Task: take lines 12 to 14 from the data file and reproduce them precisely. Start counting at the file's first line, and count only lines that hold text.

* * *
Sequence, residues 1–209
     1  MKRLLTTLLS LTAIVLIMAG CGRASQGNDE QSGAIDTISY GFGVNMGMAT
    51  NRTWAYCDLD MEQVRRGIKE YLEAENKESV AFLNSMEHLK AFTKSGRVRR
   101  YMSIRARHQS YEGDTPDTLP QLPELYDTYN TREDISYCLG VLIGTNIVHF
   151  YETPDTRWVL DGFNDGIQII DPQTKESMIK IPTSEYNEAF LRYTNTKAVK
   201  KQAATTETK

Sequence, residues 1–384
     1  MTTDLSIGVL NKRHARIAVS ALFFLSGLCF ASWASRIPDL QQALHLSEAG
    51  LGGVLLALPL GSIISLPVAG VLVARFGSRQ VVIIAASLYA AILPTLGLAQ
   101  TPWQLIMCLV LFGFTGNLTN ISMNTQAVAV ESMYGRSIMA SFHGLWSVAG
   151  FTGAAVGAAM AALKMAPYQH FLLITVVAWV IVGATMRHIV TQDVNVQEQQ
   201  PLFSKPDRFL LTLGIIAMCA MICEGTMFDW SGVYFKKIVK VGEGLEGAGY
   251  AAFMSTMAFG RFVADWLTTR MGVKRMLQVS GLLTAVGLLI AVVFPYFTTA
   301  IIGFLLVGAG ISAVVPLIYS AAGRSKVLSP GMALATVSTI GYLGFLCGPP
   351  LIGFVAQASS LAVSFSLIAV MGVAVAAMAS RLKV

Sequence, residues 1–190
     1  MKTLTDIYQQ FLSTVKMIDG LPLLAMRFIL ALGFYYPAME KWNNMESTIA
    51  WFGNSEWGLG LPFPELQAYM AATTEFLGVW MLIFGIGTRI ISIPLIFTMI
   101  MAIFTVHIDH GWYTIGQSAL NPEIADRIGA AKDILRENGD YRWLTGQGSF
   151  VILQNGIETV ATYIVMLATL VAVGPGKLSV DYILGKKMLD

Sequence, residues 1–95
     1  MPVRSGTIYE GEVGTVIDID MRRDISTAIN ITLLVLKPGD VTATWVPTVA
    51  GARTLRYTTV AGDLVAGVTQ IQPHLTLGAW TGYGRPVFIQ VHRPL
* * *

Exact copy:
   201  PLFSKPDRFL LTLGIIAMCA MICEGTMFDW SGVYFKKIVK VGEGLEGAGY
   251  AAFMSTMAFG RFVADWLTTR MGVKRMLQVS GLLTAVGLLI AVVFPYFTTA
   301  IIGFLLVGAG ISAVVPLIYS AAGRSKVLSP GMALATVSTI GYLGFLCGPP